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Wednesday, September 9, 2015 by The Press in Focus

Eyeing Baum: “Mystery & Magic, the Trompe L’oeil Vision of Gary Erse” opens with a reception, 6-8 p.m. Sept. 16 and continues through Oct. 17, David E. Rodale and Rodale Family Galleries, The Baum School of Art, 510 Linden St., Allentown. Erbe gives a gallery talk, 6 - 8 p.m. Sept. 23. Both events are free and open to the public. The exhibition sponsors are the Zelenkofske Family. Erbe will be guest and spotlight artist at The Baum School of Art Annual Gala in October honoring the Dent Family. Trompe l’oeil, translated from the French, means to “to fool the eye.” Erbe’s work, including “Celebrating an American Patriot” (oil on canvas, 30 in. by 40 in., 2014), above, inspired by trompe l’oeil masters, is a deliberate arrangement of his assemblages. Erbe’s paintings free objects from their natural surroundings via the illusion of levitation and through the juxtaposition of unrelated objects. Erbe, a self-taught oil painter, was born in Union City, N.J., in 1944 where he maintained a studio from 1972 - 2005. Erbe was an engraver from 1965 to 1970. He coined the term “Levitational Realism,” a break from traditional realism. He has a studio in Nutley, N.J. Erbe has had solo exhibitions at the New Jersey State Museum, New Britain Museum of American Art, National Arts Club, James A. Michener Art Museum, Woodmere Art Museum and the Salmagundi Club. Awards include the Butler Institute of American Art Lifetime Achievement Medal, 2003; Salmagundi Club Medal of Honor, 2007, and the National Museum of Sport Gold Medal, 2010. Gallery hours are: 9 a.m. - 9 p.m. Monday - Thursday; 9 a.m. - 3 p.m. Friday, Saturday; closed Sunday. Information: baumschool.org 610-433-0032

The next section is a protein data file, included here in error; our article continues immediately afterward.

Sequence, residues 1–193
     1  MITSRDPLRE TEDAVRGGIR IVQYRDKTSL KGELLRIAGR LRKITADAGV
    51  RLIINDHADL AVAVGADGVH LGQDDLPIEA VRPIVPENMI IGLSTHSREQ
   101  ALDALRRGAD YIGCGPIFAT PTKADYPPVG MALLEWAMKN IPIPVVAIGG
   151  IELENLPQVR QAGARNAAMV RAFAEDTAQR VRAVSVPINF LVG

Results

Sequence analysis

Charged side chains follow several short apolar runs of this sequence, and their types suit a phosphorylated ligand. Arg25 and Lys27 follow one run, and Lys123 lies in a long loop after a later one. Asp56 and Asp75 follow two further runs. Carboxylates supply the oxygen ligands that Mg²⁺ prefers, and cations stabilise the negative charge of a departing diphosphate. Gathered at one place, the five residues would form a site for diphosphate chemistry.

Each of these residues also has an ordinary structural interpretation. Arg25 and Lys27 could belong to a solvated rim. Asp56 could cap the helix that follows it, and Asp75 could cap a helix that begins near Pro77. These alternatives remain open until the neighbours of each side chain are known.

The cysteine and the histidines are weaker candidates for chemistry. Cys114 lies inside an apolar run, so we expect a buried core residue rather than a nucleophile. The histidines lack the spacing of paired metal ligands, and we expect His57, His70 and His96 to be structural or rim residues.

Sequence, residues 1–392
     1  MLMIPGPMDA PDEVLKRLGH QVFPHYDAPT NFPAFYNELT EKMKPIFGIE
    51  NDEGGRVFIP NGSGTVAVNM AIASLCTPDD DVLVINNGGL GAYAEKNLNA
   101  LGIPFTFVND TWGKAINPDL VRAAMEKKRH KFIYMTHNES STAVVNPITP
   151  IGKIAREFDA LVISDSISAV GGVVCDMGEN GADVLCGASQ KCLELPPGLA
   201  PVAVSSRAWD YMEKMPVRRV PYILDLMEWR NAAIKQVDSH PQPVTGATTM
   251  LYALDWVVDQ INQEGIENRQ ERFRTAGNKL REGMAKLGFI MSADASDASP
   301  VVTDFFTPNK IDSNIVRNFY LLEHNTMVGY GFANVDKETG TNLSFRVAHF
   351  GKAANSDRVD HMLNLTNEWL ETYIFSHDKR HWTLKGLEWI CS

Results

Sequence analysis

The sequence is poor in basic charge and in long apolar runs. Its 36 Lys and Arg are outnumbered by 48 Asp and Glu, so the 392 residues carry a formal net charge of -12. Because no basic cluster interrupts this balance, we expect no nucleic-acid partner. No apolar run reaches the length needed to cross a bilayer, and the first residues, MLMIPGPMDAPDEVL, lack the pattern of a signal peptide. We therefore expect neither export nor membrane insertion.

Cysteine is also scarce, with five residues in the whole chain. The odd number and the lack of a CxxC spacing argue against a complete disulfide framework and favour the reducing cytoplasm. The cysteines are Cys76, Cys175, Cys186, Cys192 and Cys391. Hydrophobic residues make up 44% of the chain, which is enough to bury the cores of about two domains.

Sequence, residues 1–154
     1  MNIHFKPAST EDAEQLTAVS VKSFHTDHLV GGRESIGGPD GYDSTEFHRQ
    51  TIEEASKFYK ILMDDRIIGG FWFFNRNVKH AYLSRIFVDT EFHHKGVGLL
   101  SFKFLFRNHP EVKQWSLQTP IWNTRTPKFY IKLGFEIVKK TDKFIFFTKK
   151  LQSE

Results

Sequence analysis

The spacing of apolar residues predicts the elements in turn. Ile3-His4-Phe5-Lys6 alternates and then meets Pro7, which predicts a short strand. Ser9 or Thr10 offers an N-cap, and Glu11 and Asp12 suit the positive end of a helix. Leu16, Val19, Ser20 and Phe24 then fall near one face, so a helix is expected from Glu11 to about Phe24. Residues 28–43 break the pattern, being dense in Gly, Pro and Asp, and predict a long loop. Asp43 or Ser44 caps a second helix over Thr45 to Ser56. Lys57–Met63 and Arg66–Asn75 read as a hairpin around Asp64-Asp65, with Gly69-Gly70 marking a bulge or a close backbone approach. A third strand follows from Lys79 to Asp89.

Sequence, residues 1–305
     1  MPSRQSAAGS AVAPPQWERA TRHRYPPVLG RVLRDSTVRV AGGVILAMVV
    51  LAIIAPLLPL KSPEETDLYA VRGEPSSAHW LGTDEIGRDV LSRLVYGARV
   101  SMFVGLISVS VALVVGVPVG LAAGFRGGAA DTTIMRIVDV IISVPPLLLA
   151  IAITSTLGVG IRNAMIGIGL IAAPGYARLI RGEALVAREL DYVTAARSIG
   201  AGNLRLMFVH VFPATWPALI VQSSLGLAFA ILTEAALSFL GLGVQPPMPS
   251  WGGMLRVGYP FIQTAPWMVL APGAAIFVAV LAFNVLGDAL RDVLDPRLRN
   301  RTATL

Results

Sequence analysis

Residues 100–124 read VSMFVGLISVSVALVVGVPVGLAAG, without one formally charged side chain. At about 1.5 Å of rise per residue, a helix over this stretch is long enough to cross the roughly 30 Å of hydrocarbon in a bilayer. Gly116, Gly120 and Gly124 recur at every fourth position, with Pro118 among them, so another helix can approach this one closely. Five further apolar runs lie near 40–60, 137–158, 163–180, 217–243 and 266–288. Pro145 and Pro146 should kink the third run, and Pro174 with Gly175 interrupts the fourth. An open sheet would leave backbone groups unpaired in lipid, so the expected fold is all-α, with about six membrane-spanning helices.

Dutch masters: Many people have heard of the Pennsylvania Dutch (Pennsylvania Germans). But what about the Virginia and Maryland Dutch or the Midwestern Dutch? Historian Frank Whelan, above, will introduce these less-famous variations on Pennsylvania Dutch culture in his lecture, “Pennsylvania Dutch Journeys Across America,” 1 p.m. Sept. 19, Lehigh Valley Heritage Museum, 432 W. Walnut St., Allentown. The Pennsylvania Germans are so-called because they emigrated from Germany (mainly the Palatine region) to North America in the 1700s. “The Pennsylvania Dutch are among the most fascinating and industrious ethnic cultures in America. They spread their culture across the nation,” said Joseph Garrera, Lehigh Valley Heritage Museum Executive Director. In his presentation, Whelan will discuss how the Pennsylvania Dutch pioneered the American frontier, beginning in colonial days and continuing throughout the 1800s, migrating to Maryland, Virginia, Kentucky, Ohio and further west. Whelan will also explore contributions the Pennsylvania Dutch have made to American culture as they acculturated themselves into mainstream America while retaining ethnic traditions. Information: 610-435-1074

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